While many of the classrooms have been modernised further in the thirty years since, and while the haircuts of students preserved on Year 12 photos have altered to meet prevailing fashions, the mission of the College has remained the same. Students are educated in an environment where they are encouraged to develop spiritually, emotionally, and academically. Positive pastoral relationships between staff and students and between students across year groups make the College a place where boys feel safe, nurtured, and valued. The College, while now a part of Sydney Catholic Schools, maintains close relationships with Christian Brothers’ schools through sporting ties and an affiliation with Edmund Rice Education Australia. The proximity to the Cathedral is more than geographical: students continue to serve as choristers and scholars, and many students are involved in altar serving and in other aspects of the liturgy. The Catholic mission of caring for those less fortunate is exemplified in the close relationship the College enjoys with the Matthew Talbot Hostel, Woolloomooloo, where senior students volunteer three times per week in staffing the hostel’s dining room and cafeteria.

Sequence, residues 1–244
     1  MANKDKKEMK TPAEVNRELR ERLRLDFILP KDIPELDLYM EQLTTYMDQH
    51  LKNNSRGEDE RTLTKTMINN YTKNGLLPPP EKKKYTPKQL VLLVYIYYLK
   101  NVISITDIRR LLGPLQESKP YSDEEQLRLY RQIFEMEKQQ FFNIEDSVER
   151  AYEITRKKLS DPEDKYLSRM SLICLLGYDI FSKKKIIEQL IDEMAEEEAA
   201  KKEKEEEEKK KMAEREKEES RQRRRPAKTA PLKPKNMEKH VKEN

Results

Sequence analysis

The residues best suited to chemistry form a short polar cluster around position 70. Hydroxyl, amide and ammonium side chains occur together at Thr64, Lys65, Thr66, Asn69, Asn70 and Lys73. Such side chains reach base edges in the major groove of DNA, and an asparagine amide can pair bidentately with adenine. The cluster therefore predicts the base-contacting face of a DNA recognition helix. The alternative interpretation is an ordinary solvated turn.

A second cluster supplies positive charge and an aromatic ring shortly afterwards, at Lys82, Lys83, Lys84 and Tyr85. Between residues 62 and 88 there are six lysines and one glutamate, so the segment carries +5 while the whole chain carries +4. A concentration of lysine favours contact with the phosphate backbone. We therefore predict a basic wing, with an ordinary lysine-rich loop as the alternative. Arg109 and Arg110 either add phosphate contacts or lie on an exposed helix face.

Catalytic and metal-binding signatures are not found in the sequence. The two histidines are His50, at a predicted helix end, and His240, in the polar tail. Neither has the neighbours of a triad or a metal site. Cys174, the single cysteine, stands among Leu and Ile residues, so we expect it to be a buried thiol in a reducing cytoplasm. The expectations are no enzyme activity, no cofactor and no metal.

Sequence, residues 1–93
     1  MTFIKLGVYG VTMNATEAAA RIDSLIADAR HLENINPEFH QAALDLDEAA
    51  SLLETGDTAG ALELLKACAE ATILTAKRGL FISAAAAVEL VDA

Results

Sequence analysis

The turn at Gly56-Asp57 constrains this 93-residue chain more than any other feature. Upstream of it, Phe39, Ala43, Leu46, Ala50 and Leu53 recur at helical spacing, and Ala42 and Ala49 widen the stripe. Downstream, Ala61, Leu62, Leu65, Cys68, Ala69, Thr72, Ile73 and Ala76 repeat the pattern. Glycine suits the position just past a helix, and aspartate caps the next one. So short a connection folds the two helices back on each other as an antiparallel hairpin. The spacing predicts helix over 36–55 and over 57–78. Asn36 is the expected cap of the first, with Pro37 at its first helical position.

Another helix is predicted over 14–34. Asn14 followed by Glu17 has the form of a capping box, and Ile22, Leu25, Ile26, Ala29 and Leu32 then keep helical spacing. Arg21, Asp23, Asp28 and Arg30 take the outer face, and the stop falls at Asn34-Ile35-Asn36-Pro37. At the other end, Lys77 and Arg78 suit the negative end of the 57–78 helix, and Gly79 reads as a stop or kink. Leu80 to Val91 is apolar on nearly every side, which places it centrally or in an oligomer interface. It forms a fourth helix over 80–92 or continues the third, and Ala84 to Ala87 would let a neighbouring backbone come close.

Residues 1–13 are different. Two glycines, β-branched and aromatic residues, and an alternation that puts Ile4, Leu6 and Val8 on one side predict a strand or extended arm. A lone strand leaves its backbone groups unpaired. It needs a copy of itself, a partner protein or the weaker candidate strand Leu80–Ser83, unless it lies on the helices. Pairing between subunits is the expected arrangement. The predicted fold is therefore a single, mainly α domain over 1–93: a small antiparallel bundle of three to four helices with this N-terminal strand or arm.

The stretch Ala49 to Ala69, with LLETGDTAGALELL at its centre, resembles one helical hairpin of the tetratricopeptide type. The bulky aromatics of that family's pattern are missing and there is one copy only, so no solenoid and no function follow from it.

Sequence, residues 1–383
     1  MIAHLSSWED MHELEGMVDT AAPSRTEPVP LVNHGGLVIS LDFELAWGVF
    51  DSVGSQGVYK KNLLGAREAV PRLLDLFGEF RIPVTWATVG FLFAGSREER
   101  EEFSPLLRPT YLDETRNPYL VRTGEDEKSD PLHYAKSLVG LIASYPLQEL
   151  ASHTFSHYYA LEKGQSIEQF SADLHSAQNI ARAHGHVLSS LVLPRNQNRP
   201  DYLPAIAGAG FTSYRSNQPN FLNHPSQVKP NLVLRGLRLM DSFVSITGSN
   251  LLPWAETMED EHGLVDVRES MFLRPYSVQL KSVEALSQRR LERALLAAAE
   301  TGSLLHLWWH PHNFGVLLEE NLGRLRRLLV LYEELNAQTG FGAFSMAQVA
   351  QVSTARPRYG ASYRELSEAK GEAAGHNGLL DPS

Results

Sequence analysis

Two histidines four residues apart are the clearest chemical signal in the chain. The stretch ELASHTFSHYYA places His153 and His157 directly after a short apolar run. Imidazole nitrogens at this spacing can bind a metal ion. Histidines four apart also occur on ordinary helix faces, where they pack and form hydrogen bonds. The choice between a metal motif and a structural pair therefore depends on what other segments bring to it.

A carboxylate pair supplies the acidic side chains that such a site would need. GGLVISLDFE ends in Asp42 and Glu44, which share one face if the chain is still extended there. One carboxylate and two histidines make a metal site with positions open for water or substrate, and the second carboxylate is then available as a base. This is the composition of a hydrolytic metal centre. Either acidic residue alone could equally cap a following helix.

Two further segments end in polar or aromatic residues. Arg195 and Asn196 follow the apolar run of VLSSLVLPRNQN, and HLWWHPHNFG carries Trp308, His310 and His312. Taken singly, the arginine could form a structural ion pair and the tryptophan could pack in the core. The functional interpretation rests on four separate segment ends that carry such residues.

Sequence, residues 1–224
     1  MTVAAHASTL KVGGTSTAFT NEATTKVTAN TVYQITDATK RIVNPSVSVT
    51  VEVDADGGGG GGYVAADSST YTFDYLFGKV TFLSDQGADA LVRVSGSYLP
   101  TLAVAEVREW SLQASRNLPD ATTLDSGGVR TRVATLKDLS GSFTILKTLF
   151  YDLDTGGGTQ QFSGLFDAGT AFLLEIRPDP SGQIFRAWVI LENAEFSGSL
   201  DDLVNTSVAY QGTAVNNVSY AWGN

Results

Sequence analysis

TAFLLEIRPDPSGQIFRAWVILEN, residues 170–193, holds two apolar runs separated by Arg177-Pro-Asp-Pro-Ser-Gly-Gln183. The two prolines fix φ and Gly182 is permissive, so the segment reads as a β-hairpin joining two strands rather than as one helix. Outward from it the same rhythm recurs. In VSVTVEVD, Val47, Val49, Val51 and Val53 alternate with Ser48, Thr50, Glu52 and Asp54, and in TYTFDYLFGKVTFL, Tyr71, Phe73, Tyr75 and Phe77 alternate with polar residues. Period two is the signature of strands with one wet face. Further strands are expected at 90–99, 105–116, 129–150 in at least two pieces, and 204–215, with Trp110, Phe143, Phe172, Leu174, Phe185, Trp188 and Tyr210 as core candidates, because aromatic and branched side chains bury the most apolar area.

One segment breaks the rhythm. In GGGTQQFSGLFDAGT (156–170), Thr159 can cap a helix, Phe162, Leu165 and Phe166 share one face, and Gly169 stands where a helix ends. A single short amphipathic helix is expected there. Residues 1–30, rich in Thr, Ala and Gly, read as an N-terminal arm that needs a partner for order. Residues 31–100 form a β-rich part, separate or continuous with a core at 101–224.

In the years since 1992 the College has become one of the most academically successful non-selective boys’ schools in NSW. The College has often been placed in the top 100 schools in the state on the HSC Merit list and many students have been among the top-placed students in the state in individual exams. As important as these attainments are, even more crucial is the manner in which the College helps form young men who are equipped to become the next leaders of their communities: young men who are proud of their association with the school and its motto, Facere et Docere, ‘To do and to Teach’.

1910 – Cardinal Moran wrote to Br Barron (Christian Brother’s Provincial) “to send 5 Brothers to staff St Mary’s Parochial Primary School”. In 1911, 4 Christian Brothers took up the invitation and were responsible for teaching Third, Fourth, Fifth and Sixth boy classes. This was to be the beginning of a long and fruitful association between the Christian Brothers and St Mary’s Cathedral that continues to this day. In this time the Brothers have witnessed and been responsible for many changes.